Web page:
Andreas Arzruni was a geologist who had a remarkable international career at a time when it was not common to find Armenian names in this scientific field.
Andreas Arzruni was born on November 27, 1847. He was the younger brother of Grigor Artzruni, the future founder of Mshak, the groundbreaking Armenian daily published in Tiflis for almost four decades (1872-1921). He studied in the universities of St. Petersburg, Dorpat (nowadays Tartu), and Heidelberg. He graduated from Heidelberg in 1871 with a doctorate degree in chemistry. After living intermittently in Tiflis from 1871-1875, he continued his academic career in Europe.
Arzruni first taught at the Humboldt University of Berlin from 1877-1883, where he also was adjunct director of the Museum of Mineralogy of the University. After a one-year tenure as extraordinary professor at the University of Breslau (Wroclaw), from 1884-1898 he was professor, head of the chair of Mineralogy, and dean of the Polytechnic School of Aachen. After the death of his brother Grigor, he became the nominal publisher of Mshak from 1895-1898.
In the 1880s and 1890s, Arzruni organized a series of scientific expeditions to the Ural Mountains in Russia, the Caucasus, different European countries, as well as Chile, Guyana, Egypt, etcetera. He dedicated two important expeditions to the study of the geological structure and useful minerals of Armenia (1873-1875 and 1892). In 1894 he climbed to the top of Little Ararat and descended for the first time to the crater of the extinguished volcano. He rejected the theory of Humboldt and Abich that the Armenian volcanoes have a vertical orientation. He used geological factors to explain the oscillations in the level of the Lake Van, which was proven half a decade later. He also foresaw the future of Dilijan as a sanatorium.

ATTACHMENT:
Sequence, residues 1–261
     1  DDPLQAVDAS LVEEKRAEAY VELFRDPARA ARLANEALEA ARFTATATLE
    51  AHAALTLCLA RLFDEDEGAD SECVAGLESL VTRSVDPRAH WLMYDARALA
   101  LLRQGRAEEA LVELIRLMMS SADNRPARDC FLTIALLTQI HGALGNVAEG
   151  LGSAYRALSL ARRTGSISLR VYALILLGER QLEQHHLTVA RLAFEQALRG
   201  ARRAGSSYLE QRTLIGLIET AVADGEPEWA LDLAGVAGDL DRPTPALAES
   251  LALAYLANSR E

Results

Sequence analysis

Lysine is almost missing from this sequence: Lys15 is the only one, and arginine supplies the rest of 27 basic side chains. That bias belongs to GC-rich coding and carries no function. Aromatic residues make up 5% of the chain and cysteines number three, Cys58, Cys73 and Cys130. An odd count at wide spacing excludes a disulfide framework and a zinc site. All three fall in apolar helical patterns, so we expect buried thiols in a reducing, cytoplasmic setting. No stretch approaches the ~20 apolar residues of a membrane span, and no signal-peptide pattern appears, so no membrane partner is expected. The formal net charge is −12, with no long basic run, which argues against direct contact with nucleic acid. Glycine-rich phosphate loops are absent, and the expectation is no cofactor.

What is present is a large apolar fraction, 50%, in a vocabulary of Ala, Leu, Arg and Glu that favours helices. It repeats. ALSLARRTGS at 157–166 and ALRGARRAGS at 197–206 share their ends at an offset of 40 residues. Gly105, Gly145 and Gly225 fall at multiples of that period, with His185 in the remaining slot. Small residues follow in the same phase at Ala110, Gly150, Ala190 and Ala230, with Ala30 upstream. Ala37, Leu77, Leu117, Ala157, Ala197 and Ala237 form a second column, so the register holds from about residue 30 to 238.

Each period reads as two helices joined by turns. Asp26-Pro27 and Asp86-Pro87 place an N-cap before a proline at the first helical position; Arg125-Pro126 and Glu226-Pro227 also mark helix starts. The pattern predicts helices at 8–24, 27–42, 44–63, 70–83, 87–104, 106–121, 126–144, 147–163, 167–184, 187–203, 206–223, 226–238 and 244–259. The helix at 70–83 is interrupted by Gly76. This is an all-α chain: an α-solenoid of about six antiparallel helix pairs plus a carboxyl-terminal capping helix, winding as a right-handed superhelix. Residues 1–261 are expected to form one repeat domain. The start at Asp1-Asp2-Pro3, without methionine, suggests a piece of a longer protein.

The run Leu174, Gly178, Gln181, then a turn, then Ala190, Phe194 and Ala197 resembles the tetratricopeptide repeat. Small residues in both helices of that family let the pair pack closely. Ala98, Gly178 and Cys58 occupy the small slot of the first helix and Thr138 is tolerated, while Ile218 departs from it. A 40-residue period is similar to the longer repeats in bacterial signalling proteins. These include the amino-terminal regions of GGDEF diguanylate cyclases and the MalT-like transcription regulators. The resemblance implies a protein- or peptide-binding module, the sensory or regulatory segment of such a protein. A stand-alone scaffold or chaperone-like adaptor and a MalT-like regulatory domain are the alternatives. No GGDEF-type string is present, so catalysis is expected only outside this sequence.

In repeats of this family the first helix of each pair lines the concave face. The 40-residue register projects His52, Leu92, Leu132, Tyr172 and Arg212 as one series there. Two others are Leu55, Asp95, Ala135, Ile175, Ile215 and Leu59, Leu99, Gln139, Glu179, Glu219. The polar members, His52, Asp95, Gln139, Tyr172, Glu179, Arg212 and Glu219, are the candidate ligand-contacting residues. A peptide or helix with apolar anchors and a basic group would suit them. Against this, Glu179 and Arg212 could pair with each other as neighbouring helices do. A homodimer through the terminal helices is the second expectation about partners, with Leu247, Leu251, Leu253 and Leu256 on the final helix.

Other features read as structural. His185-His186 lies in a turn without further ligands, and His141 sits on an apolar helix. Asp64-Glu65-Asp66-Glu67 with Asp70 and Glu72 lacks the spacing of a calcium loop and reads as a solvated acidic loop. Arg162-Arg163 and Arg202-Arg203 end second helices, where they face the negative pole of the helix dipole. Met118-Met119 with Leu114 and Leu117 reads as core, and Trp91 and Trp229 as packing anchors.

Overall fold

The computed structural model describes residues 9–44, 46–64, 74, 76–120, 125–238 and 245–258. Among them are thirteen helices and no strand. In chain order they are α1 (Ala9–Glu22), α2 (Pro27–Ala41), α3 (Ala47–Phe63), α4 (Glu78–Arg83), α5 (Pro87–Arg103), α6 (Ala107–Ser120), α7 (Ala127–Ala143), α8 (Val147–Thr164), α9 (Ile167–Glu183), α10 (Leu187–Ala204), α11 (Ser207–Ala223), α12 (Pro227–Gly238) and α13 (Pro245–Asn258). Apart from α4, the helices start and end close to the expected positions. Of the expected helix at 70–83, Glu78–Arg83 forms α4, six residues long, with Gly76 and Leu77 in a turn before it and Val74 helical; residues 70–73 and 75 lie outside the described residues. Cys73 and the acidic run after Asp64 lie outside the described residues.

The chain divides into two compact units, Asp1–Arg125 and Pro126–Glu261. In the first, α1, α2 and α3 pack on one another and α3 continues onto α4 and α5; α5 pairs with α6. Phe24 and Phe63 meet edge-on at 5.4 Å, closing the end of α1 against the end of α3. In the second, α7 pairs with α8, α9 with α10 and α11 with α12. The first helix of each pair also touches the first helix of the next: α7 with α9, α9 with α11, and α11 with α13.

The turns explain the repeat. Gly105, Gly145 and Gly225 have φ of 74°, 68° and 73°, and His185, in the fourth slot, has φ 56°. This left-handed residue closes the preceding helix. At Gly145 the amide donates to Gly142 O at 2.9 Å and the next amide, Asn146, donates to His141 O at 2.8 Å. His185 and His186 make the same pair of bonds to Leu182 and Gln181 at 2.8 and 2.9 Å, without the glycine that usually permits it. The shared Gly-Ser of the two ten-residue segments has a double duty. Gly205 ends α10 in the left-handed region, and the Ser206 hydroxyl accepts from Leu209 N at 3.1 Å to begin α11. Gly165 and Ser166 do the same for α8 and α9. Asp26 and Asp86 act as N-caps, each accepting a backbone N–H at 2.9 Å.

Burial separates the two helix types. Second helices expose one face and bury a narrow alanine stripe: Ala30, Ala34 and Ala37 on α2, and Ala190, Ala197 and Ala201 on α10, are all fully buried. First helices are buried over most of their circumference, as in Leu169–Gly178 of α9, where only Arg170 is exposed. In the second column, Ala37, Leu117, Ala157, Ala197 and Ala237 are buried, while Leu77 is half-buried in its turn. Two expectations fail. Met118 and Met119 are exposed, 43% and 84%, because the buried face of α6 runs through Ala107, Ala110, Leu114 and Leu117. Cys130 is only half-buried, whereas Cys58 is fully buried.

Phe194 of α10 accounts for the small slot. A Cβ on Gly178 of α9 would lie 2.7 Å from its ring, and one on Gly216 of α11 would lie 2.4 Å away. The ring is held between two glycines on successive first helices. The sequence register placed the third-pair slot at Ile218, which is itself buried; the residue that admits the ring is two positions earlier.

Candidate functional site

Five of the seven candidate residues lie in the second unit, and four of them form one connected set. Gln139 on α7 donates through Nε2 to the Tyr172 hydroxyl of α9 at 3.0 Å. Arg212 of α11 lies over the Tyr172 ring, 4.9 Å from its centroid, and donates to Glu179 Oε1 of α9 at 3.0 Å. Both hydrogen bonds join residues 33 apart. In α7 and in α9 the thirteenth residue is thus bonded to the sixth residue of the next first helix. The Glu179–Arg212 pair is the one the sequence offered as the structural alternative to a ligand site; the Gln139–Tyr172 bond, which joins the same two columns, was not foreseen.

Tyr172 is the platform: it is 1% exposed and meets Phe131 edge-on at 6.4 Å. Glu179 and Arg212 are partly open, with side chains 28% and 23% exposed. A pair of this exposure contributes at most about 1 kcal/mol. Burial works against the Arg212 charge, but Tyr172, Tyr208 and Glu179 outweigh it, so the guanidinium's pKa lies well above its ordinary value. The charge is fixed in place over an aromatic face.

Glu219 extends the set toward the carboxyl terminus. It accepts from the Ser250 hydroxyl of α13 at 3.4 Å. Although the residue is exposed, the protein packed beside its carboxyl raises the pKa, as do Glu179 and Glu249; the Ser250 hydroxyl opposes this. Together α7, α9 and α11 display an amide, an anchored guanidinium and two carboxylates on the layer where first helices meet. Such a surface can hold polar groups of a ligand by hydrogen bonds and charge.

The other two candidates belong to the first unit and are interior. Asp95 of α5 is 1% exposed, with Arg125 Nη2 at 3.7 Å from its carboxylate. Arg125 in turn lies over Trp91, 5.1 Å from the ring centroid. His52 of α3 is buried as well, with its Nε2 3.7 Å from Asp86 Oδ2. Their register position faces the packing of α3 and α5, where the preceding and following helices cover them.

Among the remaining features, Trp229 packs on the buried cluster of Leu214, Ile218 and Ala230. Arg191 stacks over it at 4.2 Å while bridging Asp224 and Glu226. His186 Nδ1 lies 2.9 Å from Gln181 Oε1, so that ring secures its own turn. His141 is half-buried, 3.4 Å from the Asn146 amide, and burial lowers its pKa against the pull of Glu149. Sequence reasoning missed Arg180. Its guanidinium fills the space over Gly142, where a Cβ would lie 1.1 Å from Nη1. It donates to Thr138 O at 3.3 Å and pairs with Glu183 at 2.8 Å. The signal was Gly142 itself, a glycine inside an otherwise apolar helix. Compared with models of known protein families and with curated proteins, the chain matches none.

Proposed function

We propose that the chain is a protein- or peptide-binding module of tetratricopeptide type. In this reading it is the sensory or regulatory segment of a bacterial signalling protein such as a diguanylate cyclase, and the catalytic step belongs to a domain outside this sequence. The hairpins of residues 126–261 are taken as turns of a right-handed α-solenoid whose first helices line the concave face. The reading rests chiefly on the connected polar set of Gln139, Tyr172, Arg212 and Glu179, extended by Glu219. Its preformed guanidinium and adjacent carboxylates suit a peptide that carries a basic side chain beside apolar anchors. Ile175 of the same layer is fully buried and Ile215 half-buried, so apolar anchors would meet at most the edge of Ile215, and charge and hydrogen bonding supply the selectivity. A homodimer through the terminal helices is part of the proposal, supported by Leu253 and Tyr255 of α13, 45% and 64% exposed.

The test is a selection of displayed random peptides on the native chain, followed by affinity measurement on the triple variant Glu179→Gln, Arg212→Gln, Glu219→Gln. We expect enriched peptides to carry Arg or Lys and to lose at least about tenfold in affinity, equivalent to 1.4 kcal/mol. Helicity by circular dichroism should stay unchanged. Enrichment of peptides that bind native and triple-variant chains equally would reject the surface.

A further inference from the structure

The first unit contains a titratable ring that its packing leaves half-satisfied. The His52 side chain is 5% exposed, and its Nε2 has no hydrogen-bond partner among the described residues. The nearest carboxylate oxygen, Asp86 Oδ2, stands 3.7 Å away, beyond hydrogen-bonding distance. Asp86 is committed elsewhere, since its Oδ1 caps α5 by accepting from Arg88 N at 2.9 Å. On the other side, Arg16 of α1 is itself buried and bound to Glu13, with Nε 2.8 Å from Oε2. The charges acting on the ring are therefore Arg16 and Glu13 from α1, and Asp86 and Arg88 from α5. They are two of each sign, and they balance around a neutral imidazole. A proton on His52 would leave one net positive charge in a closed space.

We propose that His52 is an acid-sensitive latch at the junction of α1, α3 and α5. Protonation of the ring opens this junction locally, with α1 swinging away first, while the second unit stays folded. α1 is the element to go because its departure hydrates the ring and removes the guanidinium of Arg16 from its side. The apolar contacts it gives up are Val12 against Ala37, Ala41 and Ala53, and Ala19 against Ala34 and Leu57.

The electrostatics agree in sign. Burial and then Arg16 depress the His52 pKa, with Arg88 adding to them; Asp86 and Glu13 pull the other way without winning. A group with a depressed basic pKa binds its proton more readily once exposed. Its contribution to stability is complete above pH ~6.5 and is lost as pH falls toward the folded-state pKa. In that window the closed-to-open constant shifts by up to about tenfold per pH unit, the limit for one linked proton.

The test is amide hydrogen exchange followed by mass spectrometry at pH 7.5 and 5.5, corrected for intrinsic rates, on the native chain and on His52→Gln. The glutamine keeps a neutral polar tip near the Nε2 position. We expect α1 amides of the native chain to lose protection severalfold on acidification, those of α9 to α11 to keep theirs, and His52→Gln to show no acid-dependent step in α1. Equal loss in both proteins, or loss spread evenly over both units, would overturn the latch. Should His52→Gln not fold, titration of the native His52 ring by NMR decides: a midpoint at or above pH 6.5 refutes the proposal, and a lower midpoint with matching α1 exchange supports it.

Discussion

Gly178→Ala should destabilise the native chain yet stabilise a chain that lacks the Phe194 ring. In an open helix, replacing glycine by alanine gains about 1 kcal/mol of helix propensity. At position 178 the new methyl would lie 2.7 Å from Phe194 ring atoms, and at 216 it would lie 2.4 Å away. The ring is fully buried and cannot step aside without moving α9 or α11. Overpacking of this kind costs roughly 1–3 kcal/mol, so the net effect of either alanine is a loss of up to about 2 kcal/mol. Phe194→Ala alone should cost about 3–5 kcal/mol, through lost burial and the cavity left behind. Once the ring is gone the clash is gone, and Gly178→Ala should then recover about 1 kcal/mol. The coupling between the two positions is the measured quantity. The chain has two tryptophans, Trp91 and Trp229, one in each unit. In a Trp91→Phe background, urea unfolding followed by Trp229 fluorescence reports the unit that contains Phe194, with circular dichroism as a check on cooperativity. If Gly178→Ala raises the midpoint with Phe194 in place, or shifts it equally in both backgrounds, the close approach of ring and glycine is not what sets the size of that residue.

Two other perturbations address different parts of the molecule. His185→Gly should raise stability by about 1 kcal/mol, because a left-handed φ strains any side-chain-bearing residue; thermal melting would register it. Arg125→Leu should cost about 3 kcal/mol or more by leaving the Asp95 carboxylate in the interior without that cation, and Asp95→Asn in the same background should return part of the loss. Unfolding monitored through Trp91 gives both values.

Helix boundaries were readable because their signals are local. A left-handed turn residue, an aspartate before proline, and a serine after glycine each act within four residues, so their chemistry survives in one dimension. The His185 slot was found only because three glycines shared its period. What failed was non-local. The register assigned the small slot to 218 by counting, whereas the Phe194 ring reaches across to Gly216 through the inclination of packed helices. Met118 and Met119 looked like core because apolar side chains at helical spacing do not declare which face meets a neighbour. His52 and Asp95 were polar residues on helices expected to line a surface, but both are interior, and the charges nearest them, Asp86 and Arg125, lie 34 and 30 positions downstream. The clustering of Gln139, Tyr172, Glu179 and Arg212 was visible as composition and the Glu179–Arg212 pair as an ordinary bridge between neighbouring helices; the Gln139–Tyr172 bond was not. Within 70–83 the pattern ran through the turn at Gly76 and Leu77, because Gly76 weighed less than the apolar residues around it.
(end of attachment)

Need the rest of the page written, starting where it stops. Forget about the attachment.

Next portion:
Arzruni was the author of more than fifty papers published in scientific journals from 1871 onwards. His studies were related to geological chemistry, crystal chemistry, mineralogy, petrography, as well as economics, philosophy, ethnology, and literature. His book Physical Chemistry of Crystals (1893), in German, was later reprinted twice. He also participated in the sessions of the International Congress of Geology (1897) and co-authored the stratigraphic scheme of the Urals and the first geological maps of the Southern Urals.
He became corresponding member of the Royal Academy of Turin and the Academy of Sciences of Bavaria and St. Petersburg. He first described two minerals, groddeckite and utahite, and before his death he was investigating a new mineral from Chile, which was named arzrunite after him.
In the winter of 1895-1896, while on a visit of inspection to the gold fields of British Guyana, Andreas Arzruni had an attack of fever, and this, together with consumption, forced him to spend the last year or so of his life in sanatoria in Switzerland and on the Rhine. He passed away at the age of fifty-one in Hohenhonnef (Germany) on September 22, 1898. His bust was erected at the entrance of the Polytechnic School of Aachen.